ProPublica and the Urban Institute recently released a data analysis that paints a bleak picture for older workers in the United States. This is consistent with what we’ve been seeing in our practice, having recently filed two age discrimination lawsuits that have garnered media attention: one against Woodbury County and one against the University of Iowa.
The study found that, through 2016, “between the time older workers enter the study and when they leave paid employment, 56 percent are laid off at least once or leave jobs under such financially damaging circumstances that it’s likely they were pushed out rather than choosing to go voluntarily.” And recovery isn’t easy. According to the report, “[o]nly one in 10 of these workers ever again earns as much as they did before their employment setbacks, our analysis showed. Even years afterward, the household incomes of over half of those who experience such work disruptions remain substantially below those of workers who don’t.”
Of course, both state and federal laws prohibit age discrimination. However, the study makes it pretty clear that age discrimination still happens. And while a worker who brings an age discrimination case is required to mitigate (or minimize) his or her damages and find other work, one bright spot is that judges interpreting the law seem to understand how difficult it is for older workers to totally mitigate their damages. Workers are not required to go into another line of work, accept a demotion, or take a demeaning position. Rather, they must engage in “an honest effort to find substantially equivalent work.” Heaton v. Weitz Co., Inc., 2007 WL 2034370, *8 (N.D. Iowa, July 13, 2007). See also Hunter v. Bd. of Trustees of Broadlawns Med. Ctr., 481 N.W.2d 510, 517 (Iowa 1992) (reasonable but unsuccessful efforts to mitigate loss do not preclude a plaintiff from recovering for future wages); Conrad v. Iowa Cent. Community College, 2008 WL 2746324, *3 (Iowa Ct. App., July 16, 2008) (after employee’s termination, she sought similar positions but none were available).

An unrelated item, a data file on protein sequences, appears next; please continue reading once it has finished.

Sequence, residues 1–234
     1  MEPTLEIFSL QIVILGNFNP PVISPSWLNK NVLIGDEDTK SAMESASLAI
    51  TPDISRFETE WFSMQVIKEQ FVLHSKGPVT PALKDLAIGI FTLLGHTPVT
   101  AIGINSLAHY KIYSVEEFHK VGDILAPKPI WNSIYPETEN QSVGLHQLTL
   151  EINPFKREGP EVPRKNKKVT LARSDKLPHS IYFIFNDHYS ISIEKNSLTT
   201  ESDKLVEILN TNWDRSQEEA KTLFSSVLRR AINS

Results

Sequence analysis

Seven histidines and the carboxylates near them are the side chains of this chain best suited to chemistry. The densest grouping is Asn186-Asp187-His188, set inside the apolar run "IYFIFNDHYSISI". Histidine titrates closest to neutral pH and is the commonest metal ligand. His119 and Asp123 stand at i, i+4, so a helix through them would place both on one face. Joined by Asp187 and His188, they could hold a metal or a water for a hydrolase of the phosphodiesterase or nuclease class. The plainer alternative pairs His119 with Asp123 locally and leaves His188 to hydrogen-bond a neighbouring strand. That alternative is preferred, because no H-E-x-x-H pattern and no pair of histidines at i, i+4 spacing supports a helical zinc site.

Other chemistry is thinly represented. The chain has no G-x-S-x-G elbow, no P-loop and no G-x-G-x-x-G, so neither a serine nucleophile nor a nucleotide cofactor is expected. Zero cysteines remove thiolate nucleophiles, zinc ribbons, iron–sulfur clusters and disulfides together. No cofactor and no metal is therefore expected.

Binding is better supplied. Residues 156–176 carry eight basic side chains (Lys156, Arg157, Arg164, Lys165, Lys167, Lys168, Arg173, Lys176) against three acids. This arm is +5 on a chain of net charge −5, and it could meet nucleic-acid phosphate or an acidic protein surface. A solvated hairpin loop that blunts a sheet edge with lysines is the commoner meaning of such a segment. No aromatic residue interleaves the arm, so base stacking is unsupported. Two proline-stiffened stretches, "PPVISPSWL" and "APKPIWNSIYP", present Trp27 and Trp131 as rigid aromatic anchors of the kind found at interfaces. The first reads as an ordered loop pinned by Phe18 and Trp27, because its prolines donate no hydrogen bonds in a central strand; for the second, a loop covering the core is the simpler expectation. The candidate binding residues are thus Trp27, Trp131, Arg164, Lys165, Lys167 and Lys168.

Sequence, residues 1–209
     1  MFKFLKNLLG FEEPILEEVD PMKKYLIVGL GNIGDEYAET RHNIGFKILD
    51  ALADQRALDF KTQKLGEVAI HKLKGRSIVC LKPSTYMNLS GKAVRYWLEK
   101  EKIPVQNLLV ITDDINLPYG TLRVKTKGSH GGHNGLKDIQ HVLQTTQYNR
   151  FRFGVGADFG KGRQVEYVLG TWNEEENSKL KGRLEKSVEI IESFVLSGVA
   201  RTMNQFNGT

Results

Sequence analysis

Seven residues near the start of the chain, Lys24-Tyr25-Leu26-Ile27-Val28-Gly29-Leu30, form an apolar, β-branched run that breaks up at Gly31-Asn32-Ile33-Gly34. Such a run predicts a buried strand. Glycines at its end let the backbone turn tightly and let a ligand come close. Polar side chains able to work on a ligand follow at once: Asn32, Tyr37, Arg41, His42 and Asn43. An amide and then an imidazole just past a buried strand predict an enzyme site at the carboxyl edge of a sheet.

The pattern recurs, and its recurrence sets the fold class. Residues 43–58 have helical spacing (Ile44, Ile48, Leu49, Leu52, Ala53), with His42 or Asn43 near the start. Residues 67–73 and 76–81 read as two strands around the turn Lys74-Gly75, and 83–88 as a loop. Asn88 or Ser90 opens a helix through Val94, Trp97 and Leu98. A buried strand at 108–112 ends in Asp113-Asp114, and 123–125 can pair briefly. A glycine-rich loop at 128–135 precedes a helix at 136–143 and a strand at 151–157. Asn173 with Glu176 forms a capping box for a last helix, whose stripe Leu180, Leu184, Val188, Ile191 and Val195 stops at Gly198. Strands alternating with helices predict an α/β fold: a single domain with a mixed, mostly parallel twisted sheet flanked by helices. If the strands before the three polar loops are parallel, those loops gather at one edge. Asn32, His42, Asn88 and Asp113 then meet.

In real person (not legalese) terms, one worker quoted in the report says it best:
“My skills are in high demand,” he said. “But what’s not in high demand is me, a 50-year-old dude!”
If you’re an older worker and you feel you have been demoted or forced out of your job because of your age, reach out to us. We’re here for you.